US researchers found that patients who regularly took aspirin after being diagnosed with colorectal cancer had a reduced risk of dying from the
disease, and the benefit was greater for patients with a type of colon cancer where the tumors overexpress the COX-2 enzyme, which happens in
around two thirds of cases. However, more work needs to be done to confirm the result before applying it to patient care, said the
The study was the work of investigators from Massachusetts General Hospital (MGH), Dana-Farber Cancer Institute and Brigham and Women's Hospital and is published online in the 12 August issue of the Journal of the American Medical Association (JAMA).
Lead author Dr Andrew Chan, of the MGH Gastrointestinal Unit told the press that:
"While previous studies by our group and others showed that aspirin and other non-steroidal anti-inflammatory drugs reduce the risk of developing colorectal cancer, this study is the among the first to show that aspirin can also improve survival in patients who have already been diagnosed with colorectal cancers."
"Moreover, the benefit appeared to be especially strong among patients with cancers that express COX-2," he added, stating that:
"This is an important first step toward developing targeted approaches to improving patient outcomes."
Chan and colleagues brought together data from two ongoing prospective studies, the Nurses Health Study (NHS) and the Health Professionals Follow-Up Study (HPFS), which capture detailed health information on their participants every two years. Researchers use the comprehensive data from these studies to look for links between various factors such as use of drugs and incidence of several diseases.
For this study, Chan and colleagues focused on the data from 1,279 study participants who were diagnosed with stage 1, 2 or 3 colorectal cancer during the period of the studies and for whom data on their use of aspirin before and diagnosis was available.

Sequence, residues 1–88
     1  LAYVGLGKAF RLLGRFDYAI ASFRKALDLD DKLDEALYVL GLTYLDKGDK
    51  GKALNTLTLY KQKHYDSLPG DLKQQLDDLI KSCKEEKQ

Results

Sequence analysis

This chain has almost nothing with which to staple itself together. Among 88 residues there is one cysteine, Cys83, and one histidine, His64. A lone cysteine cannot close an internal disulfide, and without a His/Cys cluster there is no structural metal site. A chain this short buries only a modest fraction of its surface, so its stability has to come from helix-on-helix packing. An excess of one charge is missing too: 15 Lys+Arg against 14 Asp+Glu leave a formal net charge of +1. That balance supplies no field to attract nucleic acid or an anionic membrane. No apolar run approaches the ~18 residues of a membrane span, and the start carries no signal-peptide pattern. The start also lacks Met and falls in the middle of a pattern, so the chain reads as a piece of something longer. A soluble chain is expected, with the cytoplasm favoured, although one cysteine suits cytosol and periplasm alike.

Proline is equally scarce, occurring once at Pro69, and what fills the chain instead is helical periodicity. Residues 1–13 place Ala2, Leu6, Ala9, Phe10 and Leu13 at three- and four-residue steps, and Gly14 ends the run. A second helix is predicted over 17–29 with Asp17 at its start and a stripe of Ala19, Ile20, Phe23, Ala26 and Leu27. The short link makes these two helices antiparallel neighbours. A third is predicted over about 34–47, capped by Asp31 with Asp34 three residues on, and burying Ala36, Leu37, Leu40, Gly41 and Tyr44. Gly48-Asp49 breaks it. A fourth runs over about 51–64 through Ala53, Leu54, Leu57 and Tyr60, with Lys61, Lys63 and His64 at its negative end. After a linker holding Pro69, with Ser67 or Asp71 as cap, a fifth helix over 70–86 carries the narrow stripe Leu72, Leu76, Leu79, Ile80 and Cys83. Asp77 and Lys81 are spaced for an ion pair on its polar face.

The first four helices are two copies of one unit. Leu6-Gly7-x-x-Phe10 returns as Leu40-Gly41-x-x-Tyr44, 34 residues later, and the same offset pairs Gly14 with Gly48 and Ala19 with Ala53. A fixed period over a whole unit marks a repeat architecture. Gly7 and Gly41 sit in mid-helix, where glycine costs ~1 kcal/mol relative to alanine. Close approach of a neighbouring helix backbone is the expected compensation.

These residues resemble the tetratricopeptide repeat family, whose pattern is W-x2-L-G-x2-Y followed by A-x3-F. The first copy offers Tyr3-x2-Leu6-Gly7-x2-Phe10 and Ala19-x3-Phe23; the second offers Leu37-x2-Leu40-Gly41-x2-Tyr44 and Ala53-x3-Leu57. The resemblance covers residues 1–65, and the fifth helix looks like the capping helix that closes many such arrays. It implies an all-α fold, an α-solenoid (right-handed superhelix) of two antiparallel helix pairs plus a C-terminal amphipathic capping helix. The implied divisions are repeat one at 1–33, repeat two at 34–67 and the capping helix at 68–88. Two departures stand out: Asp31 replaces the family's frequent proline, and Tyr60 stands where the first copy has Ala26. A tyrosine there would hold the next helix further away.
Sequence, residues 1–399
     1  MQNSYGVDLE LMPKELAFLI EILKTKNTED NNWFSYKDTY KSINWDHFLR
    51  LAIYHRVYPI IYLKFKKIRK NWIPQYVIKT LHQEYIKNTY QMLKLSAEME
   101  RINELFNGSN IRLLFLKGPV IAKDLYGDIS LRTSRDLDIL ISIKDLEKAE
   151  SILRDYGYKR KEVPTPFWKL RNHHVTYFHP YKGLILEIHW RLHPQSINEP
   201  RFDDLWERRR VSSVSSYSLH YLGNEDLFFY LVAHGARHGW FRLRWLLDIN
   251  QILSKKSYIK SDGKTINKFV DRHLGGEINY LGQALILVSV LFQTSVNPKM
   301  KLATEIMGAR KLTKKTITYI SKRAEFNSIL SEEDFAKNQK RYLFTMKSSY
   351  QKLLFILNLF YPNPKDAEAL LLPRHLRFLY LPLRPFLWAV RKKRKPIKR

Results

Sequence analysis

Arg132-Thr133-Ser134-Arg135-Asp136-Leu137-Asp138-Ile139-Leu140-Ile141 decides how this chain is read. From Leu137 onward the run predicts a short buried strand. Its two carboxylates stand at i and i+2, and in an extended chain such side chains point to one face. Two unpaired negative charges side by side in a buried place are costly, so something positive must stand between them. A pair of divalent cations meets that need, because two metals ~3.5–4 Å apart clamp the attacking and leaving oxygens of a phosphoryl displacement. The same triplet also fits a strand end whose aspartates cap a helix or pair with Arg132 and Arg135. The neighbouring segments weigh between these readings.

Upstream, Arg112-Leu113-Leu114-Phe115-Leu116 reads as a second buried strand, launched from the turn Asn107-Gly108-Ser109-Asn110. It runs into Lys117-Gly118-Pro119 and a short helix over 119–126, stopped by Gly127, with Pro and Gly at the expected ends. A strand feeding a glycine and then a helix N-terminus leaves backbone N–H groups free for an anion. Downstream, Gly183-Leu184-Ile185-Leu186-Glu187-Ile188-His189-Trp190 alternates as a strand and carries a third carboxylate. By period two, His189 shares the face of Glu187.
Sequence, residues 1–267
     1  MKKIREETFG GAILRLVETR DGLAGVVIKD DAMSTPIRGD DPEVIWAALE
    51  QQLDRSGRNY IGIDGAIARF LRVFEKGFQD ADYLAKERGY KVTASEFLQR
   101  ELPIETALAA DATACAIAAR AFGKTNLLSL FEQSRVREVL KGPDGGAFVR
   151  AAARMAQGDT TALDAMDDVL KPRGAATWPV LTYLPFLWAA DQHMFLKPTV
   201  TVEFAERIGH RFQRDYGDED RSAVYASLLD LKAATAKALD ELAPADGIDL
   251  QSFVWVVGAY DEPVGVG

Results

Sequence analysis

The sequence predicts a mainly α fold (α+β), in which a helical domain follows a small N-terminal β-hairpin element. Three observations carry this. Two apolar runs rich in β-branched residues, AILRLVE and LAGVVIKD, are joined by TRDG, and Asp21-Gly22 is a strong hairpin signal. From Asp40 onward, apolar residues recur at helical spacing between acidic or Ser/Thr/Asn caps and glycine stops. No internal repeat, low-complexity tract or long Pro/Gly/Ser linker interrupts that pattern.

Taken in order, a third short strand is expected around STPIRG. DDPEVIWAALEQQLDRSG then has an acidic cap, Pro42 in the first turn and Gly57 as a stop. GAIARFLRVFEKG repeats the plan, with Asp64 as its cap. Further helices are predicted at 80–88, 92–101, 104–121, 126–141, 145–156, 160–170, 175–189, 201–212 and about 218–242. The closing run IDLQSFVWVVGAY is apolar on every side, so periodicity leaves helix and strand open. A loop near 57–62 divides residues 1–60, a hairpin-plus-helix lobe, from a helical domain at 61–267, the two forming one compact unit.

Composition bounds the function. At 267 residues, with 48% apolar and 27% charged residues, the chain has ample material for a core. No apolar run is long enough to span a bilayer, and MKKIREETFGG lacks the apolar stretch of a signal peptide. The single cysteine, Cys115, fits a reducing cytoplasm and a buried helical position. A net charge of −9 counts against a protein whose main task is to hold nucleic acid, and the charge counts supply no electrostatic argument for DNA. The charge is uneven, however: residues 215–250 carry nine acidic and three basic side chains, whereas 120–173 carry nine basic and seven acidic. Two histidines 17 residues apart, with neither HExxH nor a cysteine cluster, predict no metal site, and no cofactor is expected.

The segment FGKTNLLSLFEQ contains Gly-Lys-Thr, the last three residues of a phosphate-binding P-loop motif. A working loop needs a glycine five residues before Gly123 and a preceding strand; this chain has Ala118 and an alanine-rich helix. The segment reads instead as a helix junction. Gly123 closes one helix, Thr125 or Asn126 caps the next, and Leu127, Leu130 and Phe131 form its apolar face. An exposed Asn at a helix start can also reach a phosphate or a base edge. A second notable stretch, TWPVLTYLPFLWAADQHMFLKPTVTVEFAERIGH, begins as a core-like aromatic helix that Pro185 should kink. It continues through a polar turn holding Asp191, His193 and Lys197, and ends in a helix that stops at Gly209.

The results showed that:
- After a median follow up of 11.8 years, 193 (35 per cent) of the 549 participants who regularly used aspirin after being diagnosed with colorectal cancer had died, and of these deaths 81 (15 per cent) were from colorectal cancer.
- This compared with 287 total deaths (39 per cent) and 141 colorectal cancer-specific deaths (19 per cent) among 730 participants who did not use aspirin.
- Compared with those who did not use aspirin, participants who regularly used aspirin after diagnosis had a 29 per cent lower risk of dying from the disease and a 21 per cent lower risk of dying from any cause.
- Among 719 participants who did not use aspirin before diagnosis, those that started using aspirin after diagnosis had a 47 per cent lower rate of death from colorectal cancer compared with those who did not.
- Tumor samples from 459 participants were tested for COX-2 expression.
- Among these, regular aspirin use after diagnosis was linked to a 71 per cent lower risk of dying from colorectal cancer for those participants whose tumors overexpressed COX-2, whereas aspirin use was not linked to lower risk among those whose primary tumors had weak or no expression of COX-2.
"Regular aspirin use after the diagnosis of colorectal cancer is associated with lower risk of colorectal cancer-specific and overall mortality, especially among individuals with tumors that overexpress COX-2."
Senior author Dr Charles Fuchs of of Dana-Farber said:
"We believe our results could lead to improvements in the therapy of patients with colon cancer."
"We're now following up this observational study with a randomized trial to evaluate adding the COX-2 inhibitor celecoxib -- which is less likely to have the gastrointestinal side effects of aspirin -- to standard chemotherapy."
"Aspirin Use and Survival After Diagnosis of Colorectal Cancer."
Andrew T. Chan; Shuji Ogino; Charles S. Fuchs.
Published online 12 August 2009.
Additional source: Massachusetts General Hospital.
Written by: Catharine Paddock, PhD